India–Italy relations

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India–Italy relations
Map indicating locations of India and Italy

India

Italy

India–Italy relations refers to the international relations that exist between India and Italy. India maintains an Embassy in Rome, and a Consulate-General in Milan. Italy has an embassy in New Delhi, and Consulate-Generals in Mumbai and Kolkata.

Early history[edit]

Indo-Roman relations[edit]

Roman coins depicting Caligula and Nero found in Pudukkottai, Tamil Nadu.

Relations between India and Italy date back to ancient times. Works from authors such as Diodorus Siculus' Library of History, Arrian’s Indika, and Pliny the Elder’s Natural History make references to India. Trade links flourished between India and the Roman Empire, particularly in the first and second century AD. Caches of Roman coins have been discovered across the Indian peninsula, and evidence indicates the existence of permanent settlements of Roman merchants in South India . The discovery of an Indian ivory statuette in the ruins of Pompeii confirms that goods were traded both ways. The Roman Empire and Indian civilizations also exchanged diplomatic missions. An Indian embassy sailed from Bharuch (referred to as Barygaza by the Romans) in 25 BC and arrived in Rome four years later. Records also exist of Indian embassies being sent to Trajan, Antoninus Pius, Julian the Apostate and Justinian.[1]

Middle Ages[edit]

Relations and trade between the Mediterranean and India ended after the fall of the Roman Empire, but resumed after a few centuries. In the Middle Ages, Italian merchants once again began to ply the old routes towards the east used by the Romans. The most notable among these merchants was Marco Polo, who visited south-east India and ports such as Kayak, Comorin, Quilon, Thana, Somnath and Cambay. Marco Polo published his travelogue The Travels of Marco Polo in which he described the life and customs in India at the end of the 13th century.[1]

Many other notable Venetians also visited India. Nicolo de Conti left Venice in 1419 to visit the Middle East, Persia and then India. Conti traversed the Indian peninsula from coast to coast, and also moved inland to Vijayanagar. Cesare Federici set sail from Venice in 1563 towards the east. He visited Vijayanagar and the present-day state of Kerala, documenting his travels in Viaggio nell'India Orientale et oltra l'India nel quale si contengono cose dilettevoli, 1587. Venetian merchant and jeweler, Gasparo Balbi visited Persia and India in 1579-88, publishing his experiences in Viaggio dell'Indie Orientali, di Gasparo Balbi, Gioielliero Venetiano, 1590. Ambrosio Bembo travelled from Venice in 1671 and spent four years visiting the Middle East, India and Persia. He documented his visits to Goa and Mumbai in his journal Viaggio e giornale per parte dell'Asia di quattro anni circa fatto da me Ambrosio Bembo, Nobile Veneto. Venetian Nicolo’ Manucci left Venice at the age of fourteen and headed to India. Manucci served the Mughal Empire and would eventually die in India. His Storia do Mogor is among the most detailed histories of the Mughal Empire (in the period 1653-1708) written by a contemporary European observer.[1]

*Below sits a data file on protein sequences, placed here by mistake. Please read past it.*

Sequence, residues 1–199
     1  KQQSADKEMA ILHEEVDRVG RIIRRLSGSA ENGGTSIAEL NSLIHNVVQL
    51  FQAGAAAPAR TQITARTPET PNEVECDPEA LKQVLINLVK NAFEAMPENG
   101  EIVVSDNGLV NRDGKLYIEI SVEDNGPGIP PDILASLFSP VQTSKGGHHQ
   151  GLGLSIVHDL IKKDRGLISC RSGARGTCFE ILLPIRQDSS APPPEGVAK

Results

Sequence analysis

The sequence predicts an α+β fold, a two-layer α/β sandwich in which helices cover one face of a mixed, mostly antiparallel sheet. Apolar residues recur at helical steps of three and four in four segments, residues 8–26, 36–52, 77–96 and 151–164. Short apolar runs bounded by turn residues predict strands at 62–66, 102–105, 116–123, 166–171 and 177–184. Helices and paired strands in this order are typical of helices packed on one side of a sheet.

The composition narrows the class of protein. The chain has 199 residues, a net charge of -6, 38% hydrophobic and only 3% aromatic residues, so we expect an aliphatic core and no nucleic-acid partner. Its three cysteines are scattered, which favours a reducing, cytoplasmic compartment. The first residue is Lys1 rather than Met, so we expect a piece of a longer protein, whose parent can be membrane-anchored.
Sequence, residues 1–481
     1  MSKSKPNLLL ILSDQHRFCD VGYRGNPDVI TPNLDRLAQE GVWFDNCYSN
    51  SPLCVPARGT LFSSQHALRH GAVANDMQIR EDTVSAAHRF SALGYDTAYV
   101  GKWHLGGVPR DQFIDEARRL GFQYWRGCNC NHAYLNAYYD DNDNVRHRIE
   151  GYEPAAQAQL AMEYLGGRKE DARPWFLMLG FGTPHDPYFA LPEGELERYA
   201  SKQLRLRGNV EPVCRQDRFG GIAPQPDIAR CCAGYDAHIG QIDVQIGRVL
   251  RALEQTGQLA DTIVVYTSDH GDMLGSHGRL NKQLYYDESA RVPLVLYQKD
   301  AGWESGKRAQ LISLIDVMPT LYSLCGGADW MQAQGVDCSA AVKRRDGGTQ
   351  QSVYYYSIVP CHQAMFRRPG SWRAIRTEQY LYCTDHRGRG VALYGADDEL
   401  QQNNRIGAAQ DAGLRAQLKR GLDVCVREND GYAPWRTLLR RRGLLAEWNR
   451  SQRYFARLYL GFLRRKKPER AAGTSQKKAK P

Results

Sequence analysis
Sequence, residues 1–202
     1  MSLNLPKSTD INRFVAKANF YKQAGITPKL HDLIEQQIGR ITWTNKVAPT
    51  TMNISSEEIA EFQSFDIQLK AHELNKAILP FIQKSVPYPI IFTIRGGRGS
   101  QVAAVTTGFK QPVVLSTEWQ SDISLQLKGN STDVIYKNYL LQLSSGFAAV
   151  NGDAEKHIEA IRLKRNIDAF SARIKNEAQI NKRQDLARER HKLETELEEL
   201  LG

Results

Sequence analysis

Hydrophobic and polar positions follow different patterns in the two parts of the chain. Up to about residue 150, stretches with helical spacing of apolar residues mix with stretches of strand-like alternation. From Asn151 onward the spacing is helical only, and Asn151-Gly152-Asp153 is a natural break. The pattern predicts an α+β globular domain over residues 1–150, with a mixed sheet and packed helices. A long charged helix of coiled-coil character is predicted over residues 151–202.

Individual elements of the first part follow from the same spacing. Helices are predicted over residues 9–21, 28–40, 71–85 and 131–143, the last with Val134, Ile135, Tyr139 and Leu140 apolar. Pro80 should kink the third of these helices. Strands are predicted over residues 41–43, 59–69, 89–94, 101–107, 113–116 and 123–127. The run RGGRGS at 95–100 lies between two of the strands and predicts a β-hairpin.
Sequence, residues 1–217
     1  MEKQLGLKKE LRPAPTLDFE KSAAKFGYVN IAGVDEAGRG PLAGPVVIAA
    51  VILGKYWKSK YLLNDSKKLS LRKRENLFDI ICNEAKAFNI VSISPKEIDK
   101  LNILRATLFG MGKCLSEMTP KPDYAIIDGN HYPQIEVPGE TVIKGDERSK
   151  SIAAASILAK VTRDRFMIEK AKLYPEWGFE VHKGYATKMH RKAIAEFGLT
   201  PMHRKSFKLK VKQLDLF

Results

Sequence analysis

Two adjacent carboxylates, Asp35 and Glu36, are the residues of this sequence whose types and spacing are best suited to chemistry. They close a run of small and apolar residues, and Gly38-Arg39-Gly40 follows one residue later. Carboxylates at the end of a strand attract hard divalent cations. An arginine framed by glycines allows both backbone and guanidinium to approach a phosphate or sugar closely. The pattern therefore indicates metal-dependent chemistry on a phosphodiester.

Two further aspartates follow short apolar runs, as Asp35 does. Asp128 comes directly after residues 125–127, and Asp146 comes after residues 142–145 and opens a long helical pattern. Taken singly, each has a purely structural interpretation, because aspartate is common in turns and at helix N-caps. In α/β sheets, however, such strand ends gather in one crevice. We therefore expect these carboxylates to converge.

Visitors also came from other regions of Italy. Filippo Sassetti, a scholar and humanist from Florence, also visited India. He died in Goa in 1588. Sassetti wrote several letters in which he noted similarities between Sanskrit and Italian. Pietro della Valle from Rome arrived in India in 1624, where he visited Surat, Goa and Keladi. He published Travels in Persia and India between 1658 and 1663. Giovanni Francesco Gemelli-Careri, a lawyer from Naples, visited South India during a trip around the world he had begun 1693. Gemelli-Careri provides a detailed description of the camp of Mughal emperor Aurangzeb during the Deccan campaign in 1695, in Giro Intorno al Mondo, published in 1699. Many other Italians have also visited India and their names are mentioned on old chronicles. Apart from merchants and travelers, Italians also served in other roles in India such as physicians and artillerymen. Italian General Ventura contributed to the organization of the infantry in the army of Ranjit Singh in the 1830s and 40s.[1]